Factoring in Trump and Rising Interest Rates
Trump euphoria has clearly taken control of the U.S. stock market since Donald Trump’s surprising and historic victory on November 8, 2016. As of the close of business on December 9, 2016, the S&P 500 index has risen 5.84% and the Dow Jones Industrial Average has climbed 8.15%, both on a total return basis, since Election Day – both reaching all-time respective highs. With many market analysts believing that a Trump administration would be a positive for economic growth potential, many analysts also currently believe that the Federal Reserve (Fed) should feel comfortable beginning to embark upon their long awaited gradual period of tightening, with a rate hike of 25 basis points (i.e. 0.25%) to be expected after their upcoming meeting concludes this Wednesday, December 14.
The confluence of these two scenarios begs the question of how investors might want to consider positioning their portfolios looking ahead, recognizing of course that portfolios should be constructed and managed consistent with the specific objectives, risk tolerance and investment timeframe of each investor. Accordingly, we have researched both scenarios to observe; a) which asset classes and/or sectors are expected to perform relatively well during a Trump presidency and b) which asset classes and/or sectors have historically performed relatively well during previous periods of gradual interest rate increases.
First looking at the next four years under President Elect Trump, absent any specific proposals or introduced legislation, we look to “Donald Trump’s Contract with the American Voter” for indications of what areas of the market could potentially benefit from his stated beliefs and desired directives. In this regard, we highlight below a few of the key areas from our perspective, along with the potential benefiting asset class/sector(s), with the understanding that all of these initiatives are subject to change and may not come to reality or deliver the intended results:
• Lifting of restrictions of American energy reserves, including shale, oil, natural gas and oil (U.S. Equities/Energy)
• Allowing energy infrastructure projects to move forward and spurring infrastructure investments (U.S. Equities/Energy, Materials & Industrials)
• Repairing of America’s water and environmental infrastructure (U.S. Equities/Materials & Industrials and U.S. Fixed Income/Municipals)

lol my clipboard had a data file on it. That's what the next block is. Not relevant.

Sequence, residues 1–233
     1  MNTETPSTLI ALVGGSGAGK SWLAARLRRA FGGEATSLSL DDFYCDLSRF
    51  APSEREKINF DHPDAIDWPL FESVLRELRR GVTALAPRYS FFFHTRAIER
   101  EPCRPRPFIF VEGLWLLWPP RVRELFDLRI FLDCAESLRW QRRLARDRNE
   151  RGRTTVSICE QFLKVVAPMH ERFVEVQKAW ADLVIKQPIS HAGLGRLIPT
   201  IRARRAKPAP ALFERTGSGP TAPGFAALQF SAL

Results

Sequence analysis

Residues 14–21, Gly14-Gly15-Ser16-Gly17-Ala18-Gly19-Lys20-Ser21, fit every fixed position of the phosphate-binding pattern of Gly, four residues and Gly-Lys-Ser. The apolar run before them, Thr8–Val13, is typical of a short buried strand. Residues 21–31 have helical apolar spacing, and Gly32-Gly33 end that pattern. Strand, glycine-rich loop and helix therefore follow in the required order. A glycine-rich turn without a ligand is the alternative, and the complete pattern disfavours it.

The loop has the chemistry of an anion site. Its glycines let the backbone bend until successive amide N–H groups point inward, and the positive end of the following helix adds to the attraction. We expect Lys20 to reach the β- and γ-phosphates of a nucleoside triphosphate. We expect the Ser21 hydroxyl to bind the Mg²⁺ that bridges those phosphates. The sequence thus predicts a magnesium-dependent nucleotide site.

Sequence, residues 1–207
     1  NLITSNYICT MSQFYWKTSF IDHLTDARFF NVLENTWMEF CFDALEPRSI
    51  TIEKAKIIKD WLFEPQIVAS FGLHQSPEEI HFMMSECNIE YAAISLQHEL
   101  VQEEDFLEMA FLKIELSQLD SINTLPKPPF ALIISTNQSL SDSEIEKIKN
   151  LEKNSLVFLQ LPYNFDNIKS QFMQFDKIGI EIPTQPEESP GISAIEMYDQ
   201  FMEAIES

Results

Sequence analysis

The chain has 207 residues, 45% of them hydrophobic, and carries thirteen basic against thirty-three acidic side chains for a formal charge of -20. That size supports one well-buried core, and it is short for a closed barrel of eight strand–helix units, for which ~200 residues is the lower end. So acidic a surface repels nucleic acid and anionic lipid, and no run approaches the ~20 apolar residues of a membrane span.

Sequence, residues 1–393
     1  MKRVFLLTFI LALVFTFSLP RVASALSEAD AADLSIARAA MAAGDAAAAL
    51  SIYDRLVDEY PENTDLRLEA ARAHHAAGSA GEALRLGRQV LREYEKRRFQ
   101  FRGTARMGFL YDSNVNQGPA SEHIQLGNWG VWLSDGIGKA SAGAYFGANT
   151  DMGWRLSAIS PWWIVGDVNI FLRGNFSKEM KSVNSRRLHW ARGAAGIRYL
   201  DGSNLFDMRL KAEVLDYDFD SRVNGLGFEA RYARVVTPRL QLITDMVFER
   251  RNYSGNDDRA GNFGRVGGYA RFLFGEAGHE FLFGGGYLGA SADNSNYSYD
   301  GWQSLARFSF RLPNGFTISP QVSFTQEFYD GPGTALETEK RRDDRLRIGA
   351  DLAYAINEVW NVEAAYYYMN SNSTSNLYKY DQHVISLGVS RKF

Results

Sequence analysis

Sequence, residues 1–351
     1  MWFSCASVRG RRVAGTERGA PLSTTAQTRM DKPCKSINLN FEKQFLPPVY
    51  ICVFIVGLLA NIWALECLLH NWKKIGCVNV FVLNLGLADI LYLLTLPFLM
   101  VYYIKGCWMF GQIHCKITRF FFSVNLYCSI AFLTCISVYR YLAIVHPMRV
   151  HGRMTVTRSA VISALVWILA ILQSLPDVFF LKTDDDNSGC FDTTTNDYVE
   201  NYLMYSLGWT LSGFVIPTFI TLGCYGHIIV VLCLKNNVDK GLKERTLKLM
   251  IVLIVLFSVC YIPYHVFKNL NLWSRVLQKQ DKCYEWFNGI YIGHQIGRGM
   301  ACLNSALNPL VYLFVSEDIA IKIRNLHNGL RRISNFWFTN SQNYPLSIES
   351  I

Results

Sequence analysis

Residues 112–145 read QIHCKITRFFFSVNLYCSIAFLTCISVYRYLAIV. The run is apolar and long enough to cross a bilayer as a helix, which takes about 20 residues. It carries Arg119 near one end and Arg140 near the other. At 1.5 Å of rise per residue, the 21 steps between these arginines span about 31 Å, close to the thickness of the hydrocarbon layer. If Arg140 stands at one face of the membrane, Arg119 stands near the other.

• Repealing and replacing of Obamacare (U.S. Equities/Health Care)
• Speeding the approval process of life-saving medications in relation to the 4,000 + drugs currently awaiting approval at the Federal Drug Administration (U.S. Equities/Health Care – specifically Biotechnology)
Looking next to future interest rate activity, we currently believe that there will be one 25 basis point interest rate hike in 2016, likely announced after the upcoming December Federal Open Markets Committee (FOMC) meeting as previously discussed, leaving the Federal Funds Target Rate in the range of 0.50% – 0.75% at the end of the year. When the Fed does restart its tightening program, we, at Hennion & Walsh, believe that they will likely follow a similar blueprint to the one that the Fed utilized during the 2004-2006 tightening period when they gradually raised the Federal Funds Target Rate on 17 different occasions, in 25 basis point increments, over this timeframe. The only difference during this round of tightening that we see is that the Fed may also consider starting to slowly shrink the size of their U.S. Treasuries and Government Agencies securities laden balance sheet over time, in conjunction with gradual increases to the Federal Funds Target Rate. Sectors of U.S. Equities that performed relatively well during the 2004-2006 timeframe include:
• Telecommunication Services
• Financials (ex. Real Estate Investments Trusts (REITs). It is important to note that REITs were previously a part of the Financials sector but as of August 31, 2016, are a part of their own Real Estate sector within the Global Industry Classification Standard (GICS), with the exception of Mortgage REITs which still are a part of the Financials sector)
Some sectors that appear to overlap the two scenarios include energy, materials and industrials, in addition to Financials, which is not listed in the Trump scenario but is another sector that many believe should benefit from a Trump administration. Not surprisingly, several of these sectors have raced upwards since Trump became President Elect as certain investors have made efforts to reposition their portfolios. However, investors, in our view, should be careful to not try and chase returns in this environment and be mindful of valuations and potential choppy waters ahead. While optimism is currently in abundance, the days of short term bouts of market volatility are not behind us and investors would be wise to maintain discipline as well as asset class, market capitalization and geographic diversification within their portfolios as appropriate.
Disclosure: The overview above is for informational purposes and is not an offer to sell or a solicitation of an offer to buy any of the sectors or asset classes listed. Hennion & Walsh Asset Management currently has allocations within its managed money program and Hennion & Walsh currently has allocations within certain SmartTrust® Unit Investment Trusts (UITs) consistent with the themes discussed above.